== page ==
Commissioner Government

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Commissioner Government
Комесарска влада
Komesarska vlada
Puppet government overview
Formed 30 April 1941
Dissolved 29 August 1941
Jurisdiction Territory of the Military Commander in Serbia
Headquarters Belgrade
Minister responsible

The Commissioner Government (Serbian: Комесарска влада, Komesarska vlada) was the first Serbian puppet government established in the Territory of the Military Commander in Serbia during World War II (within Axis-partitioned Yugoslavia). It operated from 30 April 1941 to 29 August 1941. The Serbian minister responsible was Milan Aćimović.


Adolf Hitler, the Führer of Germany, had briefly considered erasing all existence of a Serbian state, but soon abandoned the idea, and a search began for a suitable Serb to lead a collaborationist regime.[1] After considering former Yugoslav Prime Minister Dragiša Cvetković, former Yugoslav Foreign Minister Aleksander Cincar-Marković, former Yugoslav Minister of Internal Affairs Milan Aćimović, the president of the "quasi-fascist" Zbor movement Dimitrije Ljotić and the Belgrade police chief Dragomir Jovanović, the Military Commander in Serbia decided on Aćimović, who formed his Commissioner Administration on 30 April 1941, consisting of ten commissioners. (The German authorities passed over Ljotić as they believed he had a "dubious reputation among Serbs".[1]) Aćimović, virulently anti-communist, had had contact with the German police before the war.[2] He was sworn into office[by whom?] in late May 1941.[3] The other nine commissioners were Steven Ivanić, Momčilo Janković, Risto Jojić, Stanislav Josifović, Lazo M. Kostić, Dušan Letica, Dušan Pantić, Jevrem Protić and Milisav Vasiljević; each commissioner ran one of the former Yugoslav ministries (the Ministry of Army and Navy was abolished).[2] Several of the commissioners had held ministerial posts in the pre-war Yugoslav government, and Ivanić and Vasiljević both had close links to Zbor.[4] One of the first tasks of the administration involved carrying out Turner's orders for the registration of "all Jews and Gypsies" in the occupied territory and implementation of severe restrictions on their activities. While the German military government supervised the implementation of these orders, Aćimović and his interior ministry had the responsibility of carrying them out.[5]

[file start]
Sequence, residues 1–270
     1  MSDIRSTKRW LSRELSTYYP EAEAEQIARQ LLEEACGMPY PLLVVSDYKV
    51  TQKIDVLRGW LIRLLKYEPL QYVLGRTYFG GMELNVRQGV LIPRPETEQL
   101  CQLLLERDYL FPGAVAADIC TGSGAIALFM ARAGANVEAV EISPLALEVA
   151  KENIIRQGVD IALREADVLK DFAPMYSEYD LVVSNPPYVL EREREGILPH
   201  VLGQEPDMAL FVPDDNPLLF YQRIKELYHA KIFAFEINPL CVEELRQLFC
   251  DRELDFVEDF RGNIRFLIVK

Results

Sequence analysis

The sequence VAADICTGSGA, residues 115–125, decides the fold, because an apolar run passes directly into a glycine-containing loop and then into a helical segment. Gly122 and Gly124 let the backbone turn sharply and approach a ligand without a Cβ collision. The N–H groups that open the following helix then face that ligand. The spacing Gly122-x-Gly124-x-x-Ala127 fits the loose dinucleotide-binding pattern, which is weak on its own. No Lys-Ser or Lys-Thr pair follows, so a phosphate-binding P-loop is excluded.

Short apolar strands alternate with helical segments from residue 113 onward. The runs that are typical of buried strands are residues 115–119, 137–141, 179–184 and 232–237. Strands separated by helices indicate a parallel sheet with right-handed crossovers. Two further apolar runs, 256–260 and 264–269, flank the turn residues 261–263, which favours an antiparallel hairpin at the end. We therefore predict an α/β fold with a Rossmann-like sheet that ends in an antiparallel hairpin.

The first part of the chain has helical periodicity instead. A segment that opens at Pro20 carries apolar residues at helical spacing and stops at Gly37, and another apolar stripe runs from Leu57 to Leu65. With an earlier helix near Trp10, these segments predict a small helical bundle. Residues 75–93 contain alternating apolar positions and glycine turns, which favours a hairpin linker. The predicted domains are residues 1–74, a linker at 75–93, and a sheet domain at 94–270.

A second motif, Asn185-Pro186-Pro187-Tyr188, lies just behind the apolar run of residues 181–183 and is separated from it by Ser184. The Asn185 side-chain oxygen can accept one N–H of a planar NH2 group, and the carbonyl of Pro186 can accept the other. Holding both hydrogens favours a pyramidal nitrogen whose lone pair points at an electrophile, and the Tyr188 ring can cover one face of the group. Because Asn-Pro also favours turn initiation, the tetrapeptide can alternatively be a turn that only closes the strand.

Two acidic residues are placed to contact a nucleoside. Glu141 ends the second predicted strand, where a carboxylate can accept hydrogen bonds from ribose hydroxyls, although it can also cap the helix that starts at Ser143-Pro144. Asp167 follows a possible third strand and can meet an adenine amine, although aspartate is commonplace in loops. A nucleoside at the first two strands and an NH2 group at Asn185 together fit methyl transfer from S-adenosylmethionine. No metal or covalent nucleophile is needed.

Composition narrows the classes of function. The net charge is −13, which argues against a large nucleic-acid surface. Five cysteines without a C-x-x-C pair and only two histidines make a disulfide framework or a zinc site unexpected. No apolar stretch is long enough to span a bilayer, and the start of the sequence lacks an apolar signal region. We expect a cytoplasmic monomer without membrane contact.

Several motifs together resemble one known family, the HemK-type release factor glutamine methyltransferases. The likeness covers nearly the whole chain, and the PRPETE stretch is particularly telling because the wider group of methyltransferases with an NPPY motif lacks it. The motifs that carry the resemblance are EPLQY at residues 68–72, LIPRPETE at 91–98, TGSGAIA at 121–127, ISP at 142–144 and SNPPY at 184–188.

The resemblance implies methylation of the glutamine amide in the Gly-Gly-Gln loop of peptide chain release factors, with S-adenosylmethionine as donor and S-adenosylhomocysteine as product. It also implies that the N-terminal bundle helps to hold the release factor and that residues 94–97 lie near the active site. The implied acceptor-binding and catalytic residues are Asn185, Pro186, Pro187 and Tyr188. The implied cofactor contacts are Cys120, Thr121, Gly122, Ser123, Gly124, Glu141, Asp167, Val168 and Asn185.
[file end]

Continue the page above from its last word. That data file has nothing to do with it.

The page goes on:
During May 1941 the German military governor of Serbia, Helmuth Förster, issued numerous orders, which included a requirement for the registration of all printing equipment, restrictions on the press, operation of theatres and other places of entertainment, and the resumption of production. Förster also disestablished the National Bank of the Kingdom of Yugoslavia, and established the Serbian National Bank to replace it.[6] With Förster's transfer, on 2 June 1941 another Luftwaffe officer succeeded him as Military Commander in Serbia: General der Flakartillerie Ludwig von Schröder.[7]

In mid-May, Aćimović's administration issued a declaration to the effect that the Serbian people wanted "sincere and loyal cooperation with their great neighbor, the German people". Most of the local administrators in the counties and districts remained in place,[8] and the German military administration placed its own administrators at each level to supervise the local authorities.[9]

List of commissioners[edit]

From 30 April 1941[edit]

From 30 April 1941, the commissioners were:[10]

According to Philip Cohen, Aćimović, Vasiljević and Ivanić were Nazi agents prior to the invasion of Yugoslavia.[10]

From 11 July 1941[edit]

After government reconstruction on 11 July 1941, the commissioners were:

See also[edit]


  1. ^ a b Ramet & Lazić (2011), pp. 19–20
  2. ^ a b Tomasevich (2001), p. 177
  3. ^ Dobrich (2000), p. 21
  4. ^ Tomasevich (2001), p. 178
  5. ^ Byford (2011), pp. 116–117
  6. ^ Lemkin (2008), pp. 591–601
  7. ^ Tomasevich (2001), pp. 65–66
  8. ^ Ramet & Lazić (2011), p. 20
  9. ^ Tomasevich (2001), p. 75
  10. ^ a b Cohen (1996), p. 153